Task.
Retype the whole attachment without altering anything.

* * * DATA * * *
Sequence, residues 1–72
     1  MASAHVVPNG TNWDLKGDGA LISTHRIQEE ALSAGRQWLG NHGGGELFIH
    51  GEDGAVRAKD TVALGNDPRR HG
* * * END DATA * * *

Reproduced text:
Sequence, residues 1–72
     1  MASAHVVPNG TNWDLKGDGA LISTHRIQEE ALSAGRQWLG NHGGGELFIH
    51  GEDGAVRAKD TVALGNDPRR HG